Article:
(The 'rock' which the 'dome' covers is in fact the 'Foundation Stone', the site of the holiest of holies of the Jewish temple.) Al-Wasiti's account makes clear that the Dome and the associated mosque were constructed at the same time, and as part of the same complex.  (The mosque itself was later rebuilt). Furthermore, Prof. Shlomo Dov Goitein has explained that the dome was built to demonstrate the superiority of Islam:
In a well-known passage of his Book of Geography, al-Maqdisi tells us how his uncle excused Abd al-Malik and Al-Walid I for spending so much good Muslims' money on buildings: They intended to remove the fitna, the 'annoyance,' constituted by the existence of the many fine buildings of worship of other religions. The very form of a rotunda, given to the Qubbat as-Sakhra, although it was foreign to Islam, was destined to rival the many Christians domes. The inscriptions decorating the interior clearly display a spirit of polemic against Christianity, while stressing at the same time the Koranic doctrine that Jesus Christ was a true prophet. The formula la sharika lahu 'god has no companion' is repeated five times, the verses from sura Maryam 16:34-37, which strongly deny Jesus' sonship to God, are quoted ... (The Historical background of the erection of the Dome of the Rock, Journal of American Oriental Society, Vol. 70, No. 2, 1950).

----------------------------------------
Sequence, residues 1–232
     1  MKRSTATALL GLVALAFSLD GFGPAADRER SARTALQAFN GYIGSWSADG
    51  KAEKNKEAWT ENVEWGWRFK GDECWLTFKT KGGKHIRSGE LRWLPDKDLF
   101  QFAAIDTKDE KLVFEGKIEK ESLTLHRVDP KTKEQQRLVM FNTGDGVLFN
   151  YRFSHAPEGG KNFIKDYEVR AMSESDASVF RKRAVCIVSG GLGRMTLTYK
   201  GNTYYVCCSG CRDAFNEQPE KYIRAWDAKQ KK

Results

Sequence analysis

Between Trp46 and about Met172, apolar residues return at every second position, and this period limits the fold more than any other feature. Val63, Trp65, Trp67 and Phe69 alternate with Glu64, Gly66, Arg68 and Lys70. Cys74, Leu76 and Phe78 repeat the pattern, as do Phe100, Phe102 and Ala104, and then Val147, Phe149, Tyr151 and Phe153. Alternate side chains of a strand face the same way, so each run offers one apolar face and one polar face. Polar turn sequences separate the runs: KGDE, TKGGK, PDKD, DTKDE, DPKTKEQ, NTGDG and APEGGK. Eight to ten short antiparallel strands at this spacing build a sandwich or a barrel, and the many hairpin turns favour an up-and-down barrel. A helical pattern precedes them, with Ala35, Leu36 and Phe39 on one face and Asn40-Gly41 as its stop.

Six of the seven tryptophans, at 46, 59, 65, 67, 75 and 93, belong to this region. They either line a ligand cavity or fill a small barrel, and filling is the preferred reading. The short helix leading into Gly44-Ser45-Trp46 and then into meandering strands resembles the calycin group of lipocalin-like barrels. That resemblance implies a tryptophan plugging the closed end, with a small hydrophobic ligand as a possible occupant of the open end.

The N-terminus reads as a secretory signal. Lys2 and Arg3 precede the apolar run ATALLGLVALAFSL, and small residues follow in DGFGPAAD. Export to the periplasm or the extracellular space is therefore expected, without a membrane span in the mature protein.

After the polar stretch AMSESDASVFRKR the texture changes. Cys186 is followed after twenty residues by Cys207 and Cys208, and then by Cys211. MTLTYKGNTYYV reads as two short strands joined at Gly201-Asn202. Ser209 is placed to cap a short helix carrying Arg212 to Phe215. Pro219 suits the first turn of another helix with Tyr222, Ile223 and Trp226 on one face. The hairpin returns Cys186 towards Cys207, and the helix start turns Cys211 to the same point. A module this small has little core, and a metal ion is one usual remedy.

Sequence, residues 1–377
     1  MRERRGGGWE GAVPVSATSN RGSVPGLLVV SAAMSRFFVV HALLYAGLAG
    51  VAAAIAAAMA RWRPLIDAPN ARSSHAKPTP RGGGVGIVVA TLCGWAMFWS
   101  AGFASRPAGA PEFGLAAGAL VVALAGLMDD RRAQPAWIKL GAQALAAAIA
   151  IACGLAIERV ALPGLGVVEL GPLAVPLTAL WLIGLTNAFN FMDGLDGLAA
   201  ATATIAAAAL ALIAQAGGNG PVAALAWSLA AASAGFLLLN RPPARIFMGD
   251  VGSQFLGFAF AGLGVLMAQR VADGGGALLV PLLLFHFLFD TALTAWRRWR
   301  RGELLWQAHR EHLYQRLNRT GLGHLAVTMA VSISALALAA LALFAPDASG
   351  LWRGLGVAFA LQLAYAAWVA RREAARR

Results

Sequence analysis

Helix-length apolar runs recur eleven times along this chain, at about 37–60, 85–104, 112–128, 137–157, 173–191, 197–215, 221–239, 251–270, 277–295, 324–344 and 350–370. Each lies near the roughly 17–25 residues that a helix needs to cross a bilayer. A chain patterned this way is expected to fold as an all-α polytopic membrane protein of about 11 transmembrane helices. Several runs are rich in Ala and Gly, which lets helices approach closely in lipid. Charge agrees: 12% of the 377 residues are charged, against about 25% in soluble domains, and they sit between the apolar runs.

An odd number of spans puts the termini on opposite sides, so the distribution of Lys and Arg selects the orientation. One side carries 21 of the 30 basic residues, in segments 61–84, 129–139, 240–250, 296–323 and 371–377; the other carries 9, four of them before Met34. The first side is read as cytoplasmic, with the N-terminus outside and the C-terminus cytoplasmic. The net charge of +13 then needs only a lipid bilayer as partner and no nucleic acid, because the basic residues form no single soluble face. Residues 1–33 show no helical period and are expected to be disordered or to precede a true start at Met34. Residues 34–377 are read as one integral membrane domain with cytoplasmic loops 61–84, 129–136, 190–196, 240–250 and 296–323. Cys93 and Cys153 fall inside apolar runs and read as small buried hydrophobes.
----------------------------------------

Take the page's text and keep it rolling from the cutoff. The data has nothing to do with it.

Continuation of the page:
The Dome of the Rock was no "war memorial", but an exercise in spiritual one-upmanship. Built upon the site of the Holy of Holies, and through its inscriptions denouncing a core Christian belief, it was contrived to trump both Judaism and Christianity at the same time.


Before presuming to call the conclusions of others 'idiotic' and 'rubbish', Rabbi Bretton-Granatoor could get his own facts straight.  He might also consider the possibility that dispelling ignorance about a religion does not necessarily increase positive regard for it. He might entertain the possibility that  his own wishful thinking about Islam could itself be cocooned in a web of misinformation and prejudice.